In a dramatic move that deserves its own aria, New York City Opera, the very first tenant of the center known as Lincoln, announced that it was up and moving.
No one, including NYCO, knows.
The question on everybody’s mind . . . is this the end of New York City Opera? And, gulp, is this the beginning of the end for opera???
It’s a challenged art form, no doubt. As less and and less people are brought up on it, less and less people are supporting it (either through ticket sales or donations).
Unfortunately, I think that in 10 years, the end of NYCO’s reign at Lincoln Center will be remembered as the closing that was heard around the world. More closings will follow. The audiences are shrinking, which means the business model will have to correct itself by decreasing supply. Ironically, competitors, like The Met (who has done a kick ass job of making opera relevant), will benefit.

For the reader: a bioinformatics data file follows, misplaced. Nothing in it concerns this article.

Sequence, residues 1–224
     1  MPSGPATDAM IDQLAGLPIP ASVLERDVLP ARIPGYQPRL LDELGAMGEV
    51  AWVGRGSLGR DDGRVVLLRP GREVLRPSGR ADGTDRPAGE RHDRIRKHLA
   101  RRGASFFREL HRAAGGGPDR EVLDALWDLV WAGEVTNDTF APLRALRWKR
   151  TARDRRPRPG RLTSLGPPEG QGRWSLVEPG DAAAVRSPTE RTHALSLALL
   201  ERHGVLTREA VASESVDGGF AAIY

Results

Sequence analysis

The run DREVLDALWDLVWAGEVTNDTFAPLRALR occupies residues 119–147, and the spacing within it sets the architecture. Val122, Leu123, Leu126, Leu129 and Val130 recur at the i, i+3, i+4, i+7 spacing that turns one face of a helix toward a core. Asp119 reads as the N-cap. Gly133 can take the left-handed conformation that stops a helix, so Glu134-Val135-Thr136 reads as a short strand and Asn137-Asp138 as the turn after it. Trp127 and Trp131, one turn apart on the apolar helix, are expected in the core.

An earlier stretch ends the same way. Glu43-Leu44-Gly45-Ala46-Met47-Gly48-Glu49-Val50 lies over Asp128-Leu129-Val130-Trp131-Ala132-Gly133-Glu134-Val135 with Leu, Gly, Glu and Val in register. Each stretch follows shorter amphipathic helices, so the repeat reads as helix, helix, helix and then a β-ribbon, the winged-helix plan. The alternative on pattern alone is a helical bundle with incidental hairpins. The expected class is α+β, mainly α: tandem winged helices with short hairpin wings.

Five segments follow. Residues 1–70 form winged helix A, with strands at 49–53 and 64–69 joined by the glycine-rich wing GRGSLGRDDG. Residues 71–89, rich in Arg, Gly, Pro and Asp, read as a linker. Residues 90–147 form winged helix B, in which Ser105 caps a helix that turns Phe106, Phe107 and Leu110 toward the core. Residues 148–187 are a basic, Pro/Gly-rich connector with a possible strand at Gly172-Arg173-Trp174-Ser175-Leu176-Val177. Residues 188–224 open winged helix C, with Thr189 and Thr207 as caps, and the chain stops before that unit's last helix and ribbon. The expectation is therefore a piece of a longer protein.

What does this mean for our closely-related industry?
We’ve seen our audience contract in recent years. We’ve seen our ticket prices increase in recent years. And we’ve seen a billion other entertainment options pop up in your pocket!
It’s essential that we get out ahead of the opera so we’re not faced with a similar breaking news item in 10 years.
But I’m not sure we can.
In fact, I’ll predict right now that one of the major non-profit theaters in this city will go out of business in the next decade. Which one? Simple – whichever company chooses to produce shows that no longer feel relevant to today’s theatergoer.
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